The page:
In Their Own Words

The Murray 2 Bid

For the Players Who Already Have Everything
by Eric Murray

This convention was invented for a number of very important reasons.

  1. Everybody else has a convention named after him.
  2. It is higher ranking than either the Drury 2 or Stayman.
  3. It helps clutter up a convention card.
  4. The name “MURRAY” on the card automatically puts your opponents ill at ease, as they suspect cheating.
  5. It is innocuous, and it can’t get you into too much trouble.

The response of 2 over partner’s 1NT is artificial, so the convention can easily be avoided by shying away from no trump openings. The bid asks opener to bid a major suit even if it is only three cards in length. If opener does not hold a four-card major, he bids his lower-ranking three-card major. For example:

♠ A 3 2
Q J 3
A 7 6
♣ K Q 9 5
♠ J 8 7 5
10 9 6 5
♣ 8 6 4 3
WEst North East South
Pass 1NT Pass 2
Pass 2 Pass Pass

Here you probably go down gracefully in 2 rather than annihilation in 1NT.
B. You hold:
♠ A 10 7 5 3  K J 7 3 2  8  ♣ J 9

and you bid 2 over partner’s 1NT, supporting his major suit bid to game and thus achieving a transfer bid.

C. ♠ A 9 7 4 3  Q 10 8 5 4  9  ♣ 7 6

WEst North East South
Pass 1NT Pass 2
Pass 2 Pass 3

D. Not forcing but invitational:

WEst North East South
Pass 1NT Pass 2
Pass 2♠ Pass 3

At this point it should be obvious that all the initial bid of 2 guarantees is 13 cards.

Now proceeding a step farther, if bidding proceeds 1NT – 2; 2

2NT, the 2NT bid initiates a variation of the English Baron Conventions and compels the opener to start bidding his four-card suits from the bottom up. Very early in the use of this convention, two disciples, Bruce Gowdy and Bruce Elliott of Toronto, proceeded to use the convention as follows:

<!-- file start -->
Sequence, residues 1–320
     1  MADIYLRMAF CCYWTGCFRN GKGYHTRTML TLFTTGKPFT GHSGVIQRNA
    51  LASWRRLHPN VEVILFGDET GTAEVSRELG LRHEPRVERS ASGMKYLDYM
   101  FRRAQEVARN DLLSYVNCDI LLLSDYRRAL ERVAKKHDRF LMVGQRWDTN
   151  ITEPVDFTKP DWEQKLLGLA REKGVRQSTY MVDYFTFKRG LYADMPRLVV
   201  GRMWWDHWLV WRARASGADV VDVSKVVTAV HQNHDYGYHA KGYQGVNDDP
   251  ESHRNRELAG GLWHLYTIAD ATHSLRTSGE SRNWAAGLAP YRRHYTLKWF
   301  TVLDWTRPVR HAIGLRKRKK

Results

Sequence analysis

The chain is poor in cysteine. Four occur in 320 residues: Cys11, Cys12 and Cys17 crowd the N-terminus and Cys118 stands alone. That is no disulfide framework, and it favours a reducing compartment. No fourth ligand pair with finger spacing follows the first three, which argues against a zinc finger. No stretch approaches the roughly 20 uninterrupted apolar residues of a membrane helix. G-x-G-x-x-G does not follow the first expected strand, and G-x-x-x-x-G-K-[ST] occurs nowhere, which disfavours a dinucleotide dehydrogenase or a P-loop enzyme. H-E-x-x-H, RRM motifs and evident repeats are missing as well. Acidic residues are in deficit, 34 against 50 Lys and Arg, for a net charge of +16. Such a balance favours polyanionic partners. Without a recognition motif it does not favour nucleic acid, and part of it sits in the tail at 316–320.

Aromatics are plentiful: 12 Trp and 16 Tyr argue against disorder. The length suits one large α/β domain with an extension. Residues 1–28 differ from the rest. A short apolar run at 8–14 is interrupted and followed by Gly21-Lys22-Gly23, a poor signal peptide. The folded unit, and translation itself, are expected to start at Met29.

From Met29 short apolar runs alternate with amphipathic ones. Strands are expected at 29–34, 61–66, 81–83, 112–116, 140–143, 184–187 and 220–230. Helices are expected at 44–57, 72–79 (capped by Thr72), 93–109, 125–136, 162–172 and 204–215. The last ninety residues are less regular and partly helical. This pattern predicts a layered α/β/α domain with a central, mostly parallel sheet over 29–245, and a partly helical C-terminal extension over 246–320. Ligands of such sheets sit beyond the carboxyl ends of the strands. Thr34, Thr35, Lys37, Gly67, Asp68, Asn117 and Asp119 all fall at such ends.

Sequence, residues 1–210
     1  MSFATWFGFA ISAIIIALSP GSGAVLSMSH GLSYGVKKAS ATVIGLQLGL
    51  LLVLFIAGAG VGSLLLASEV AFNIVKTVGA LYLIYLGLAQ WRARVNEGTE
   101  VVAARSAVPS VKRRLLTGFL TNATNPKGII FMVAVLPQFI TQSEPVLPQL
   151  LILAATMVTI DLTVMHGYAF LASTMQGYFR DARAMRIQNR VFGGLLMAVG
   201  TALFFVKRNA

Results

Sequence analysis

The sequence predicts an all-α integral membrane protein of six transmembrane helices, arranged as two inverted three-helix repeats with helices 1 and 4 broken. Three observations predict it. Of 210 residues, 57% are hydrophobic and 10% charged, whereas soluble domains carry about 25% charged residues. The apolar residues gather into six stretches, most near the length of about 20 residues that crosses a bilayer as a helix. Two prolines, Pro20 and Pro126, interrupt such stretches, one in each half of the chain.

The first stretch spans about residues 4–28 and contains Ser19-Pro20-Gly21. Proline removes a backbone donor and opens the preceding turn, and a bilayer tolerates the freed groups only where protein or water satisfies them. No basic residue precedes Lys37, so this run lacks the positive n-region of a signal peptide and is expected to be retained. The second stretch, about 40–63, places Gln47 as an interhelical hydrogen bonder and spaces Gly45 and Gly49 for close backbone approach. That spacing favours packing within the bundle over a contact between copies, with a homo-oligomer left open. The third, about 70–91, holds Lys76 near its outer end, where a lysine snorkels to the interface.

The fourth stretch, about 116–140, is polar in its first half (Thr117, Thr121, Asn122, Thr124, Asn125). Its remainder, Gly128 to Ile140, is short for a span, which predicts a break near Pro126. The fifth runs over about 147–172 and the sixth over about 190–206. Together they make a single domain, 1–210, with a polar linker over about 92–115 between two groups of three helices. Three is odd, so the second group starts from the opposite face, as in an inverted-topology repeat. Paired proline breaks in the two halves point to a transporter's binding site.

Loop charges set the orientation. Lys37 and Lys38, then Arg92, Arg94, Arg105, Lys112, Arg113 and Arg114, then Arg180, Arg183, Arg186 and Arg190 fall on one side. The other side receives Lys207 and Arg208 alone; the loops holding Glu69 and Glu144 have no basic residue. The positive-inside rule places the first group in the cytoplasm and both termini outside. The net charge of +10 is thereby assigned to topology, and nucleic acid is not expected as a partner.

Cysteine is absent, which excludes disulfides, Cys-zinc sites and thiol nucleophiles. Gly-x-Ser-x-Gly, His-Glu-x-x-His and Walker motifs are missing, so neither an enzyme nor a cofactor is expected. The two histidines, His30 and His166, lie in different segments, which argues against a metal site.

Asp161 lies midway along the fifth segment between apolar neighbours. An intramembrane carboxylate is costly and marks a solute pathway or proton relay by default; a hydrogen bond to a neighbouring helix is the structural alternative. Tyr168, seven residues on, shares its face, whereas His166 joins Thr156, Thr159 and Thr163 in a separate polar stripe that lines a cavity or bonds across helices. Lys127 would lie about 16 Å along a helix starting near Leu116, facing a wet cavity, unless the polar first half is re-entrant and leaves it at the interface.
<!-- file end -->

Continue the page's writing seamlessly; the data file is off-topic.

♠ A 6 5
A 7 4 3
K Q 6 5
♣ A 7
♠ K 9
A J 9 4 3
♣ K Q 8 5 4
WEst North East South
Pass 1NT Pass 2
Pass 2 Pass 2NT
Pass 3 Pass 4NT
Pass 3♠ Pass 6♣*
Pass 7

*Grand slam force with diamonds agreed.

If, however, the responder is a passed hand and the auction proceeds.

WEst North East South
Pass 1NT Pass 2
Pass 2 Pass 2NT

The 2NT response announces a bare nine points and lets all the third- and fourth-hand fifteen-point notrump cheaters off the hook.

If the opening notrump bidder has ignominiously chosen to open a notrump with doubletons in both majors, then with 5-4 in the minors, he rebids 2NT and with 6-3, he bids his six-card suit. Any rebid by the responder at the three level in this situation is not forcing and likely will be passed, and must be passed, if it is a minor-suit bid.

As in the Drury 2♣, there are other variations of this ill-conceived convention. Those readers who have nothing better to do (unlikely) might try this convention and if they have any problems, just forward them to the writer c/o General Deliver, North West Territories, Canada.

A superb example of the convention taken from a recent tournament was the following hand:

♠ K 7 5
K 9
K Q 9 3
♣ A J 7 4
♠ 5
J 10 6
6 4 2
♣ K 9 8 6 5 3
♠ J 10 9 8
8 7 5
A 8 5
♣ Q 10 2
♠ A Q 6 4 2
A Q 4 3 2
J 10 7
♣ —
North East South West
1NT Pass 2 All Pass

Opener obviously forgot he was playing Murray, but declarer had no trouble making an overtrick in this fine contract, resulting in a top board. All other misguided N-S’s reaching six spades, down one. True, this N-S pair did not win the tournament, but then neither did their opponents on this particular hand.

The writer was waxing enthusiastic to Gerry Friedlander and Robert Freedman about the virtues of this convention at the recent Buffalo Sectional when Friedlander rudely interrupted to remind the gathering of the six-spade contract he and Bob had reached in Syracuse and when Friedlander laid down his dummy, Freedman quickly noted that both his hand and Dummy’s contained five spades to the AQ, whereupon he groaned “duplication of values” and a witness kibitzer remarked, “First time I’ve ever seen a two-way finesse for the king of trumps.” They then replaced their hands in the proper boards and took two averages which is more than they’ll get in the future for ignoring this convention.

Edgar Kaplan’s remark, following publication of the article on the Drury 2♣ was, “The most magnificent handling of an absolutely worthless convention I’ve ever seen.” Mr. Kaplan’s observations on the merit of the Murray two diamond convention are specifically not invited.

(Article reprinted from The Bulletin – Sept. 1960)

About Eric Murray

Eric Murray (b.1928), a barrister and solicitor, has had considerable success in North American and international competition. He is a former president of Unit 166 (Ontario) and a former District 2 representative to the ACBL Board of Directors. Murray, an ACBL Grand Life Master, is a member of the ACBL Bridge Hall of Fame. He is the author of the Murray 2 convention and the co-author of the Drury 2 convention. Murray, a brilliant humorist and raconteur, chooses to treat his subject lightly, but the 2 bid itself if not to be so treated by its opponents.